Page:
Lesch: “Cannabis should be legally equated with tobacco, alcohol, and tranquilizers.”

The addiction expert Univ.-Prof. Dr. Otto Lesch has long advocated for a factual debate, a broader range of cannabis-based medicines, and accompanying clinical research. We spoke with the specialist at the Medical University for Psychiatry and Psychotherapy and Board Member of the International Academy of Law and Mental Health about the following topics:

  • the clinical data on the effectiveness of cannabis,
  • common myths such as “cannabis causes schizophrenia” and
  • the consequences of a failed prohibition policy.

Professor Lesch, in your studies, you were able to refute the thesis that the flowers of the Cannabis sativa plant are a gateway drug to harder substances. Why does this prejudice persist so stubbornly?

Since 2002, we have conducted several waves of research, surveying and drug testing 8,000 adolescents around the age of 18. We have published the factors correlated with substance use and how these substances interact in top journals. The primary reason for initiating the use of psychoactive substances is psychological factors, such as a cyclothymic or irritable temperament or the presence of ADHD. If there is such a thing as a gateway drug, it is nicotine. Nicotine, like alcohol, leads to rapid dependence. Cannabis with a low THC content is less likely to cause rapid dependence in this regard. The real problem lies elsewhere: we have 18,000 direct tobacco-related deaths and 8,000 direct alcohol-related deaths annually, but not a single cannabis-related death. The tobacco and alcohol lobby loudly defines an external enemy to distract from their own harmful effects. They employ so-called experts who have rarely or never published scientific work on this topic but are familiar with addicts from their daily work and view everything from a very biased perspective.

Is the term cannabis addiction being misused?

Yes, both by the tobacco and alcohol lobby and by individuals who profit from cannabis sales. The more pronounced the “shady” image of the hemp plant is, the greater the interest among adolescents in consuming cannabis. The clearer the stance that hemp is a fibrous, fast-growing, and ubiquitous plant that can be used medically as ointment and medication, the less interesting it becomes for mass consumption by adolescents. Unfortunately, this has not yet been understood by the policymakers in Austria.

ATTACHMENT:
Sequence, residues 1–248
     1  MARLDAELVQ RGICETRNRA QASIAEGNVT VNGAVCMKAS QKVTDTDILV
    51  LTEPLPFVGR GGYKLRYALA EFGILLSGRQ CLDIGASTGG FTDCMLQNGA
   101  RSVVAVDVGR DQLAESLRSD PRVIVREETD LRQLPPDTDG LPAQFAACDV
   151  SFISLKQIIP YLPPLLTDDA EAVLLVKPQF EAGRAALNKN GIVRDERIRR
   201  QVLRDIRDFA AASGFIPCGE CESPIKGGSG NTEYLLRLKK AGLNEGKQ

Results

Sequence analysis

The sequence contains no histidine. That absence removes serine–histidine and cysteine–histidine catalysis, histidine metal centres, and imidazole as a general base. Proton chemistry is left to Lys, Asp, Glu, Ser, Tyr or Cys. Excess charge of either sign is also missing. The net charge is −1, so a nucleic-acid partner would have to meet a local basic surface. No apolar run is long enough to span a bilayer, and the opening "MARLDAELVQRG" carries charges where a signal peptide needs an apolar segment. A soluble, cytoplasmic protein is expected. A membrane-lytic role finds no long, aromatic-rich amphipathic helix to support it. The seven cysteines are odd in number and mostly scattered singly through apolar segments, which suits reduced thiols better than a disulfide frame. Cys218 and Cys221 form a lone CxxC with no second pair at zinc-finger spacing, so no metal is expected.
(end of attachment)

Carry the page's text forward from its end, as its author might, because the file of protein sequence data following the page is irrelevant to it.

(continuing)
Your colleague, addiction medicine specialist Kurosch Yazdi, claims there is an increase in cannabis-associated schizophrenia. How do you evaluate these statements?

Schizophrenia, a primary thought disorder that occurs in adolescence, shows very similar prevalence rates epidemiologically around the world (0.6 to 1.0 percent), regardless of whether cannabis is smoked in these regions or not. The multifactorial causes are both genetic and toxic (such as infections or poisoning from tobacco during pregnancy). Cannabis does not play a significant role in the cause of schizophrenia. Schizophrenic adolescents, particularly those experiencing concentration problems and feelings of emotional numbness, often attempt self-medication with cannabis. For some, this helps, but this area needs much more research. Many studies suggest that cannabis products containing cannabidiol (CBD) can have a protective effect, while the risk of psychosis is more likely associated with products that have a very high THC content. This is yet another reason to prefer controlled cannabis plants with clearly defined ingredients, rather than promoting illegal cannabis use with unknown, sometimes toxic concentrations. A prohibition policy always creates a taboo, thereby hindering education and prevention efforts.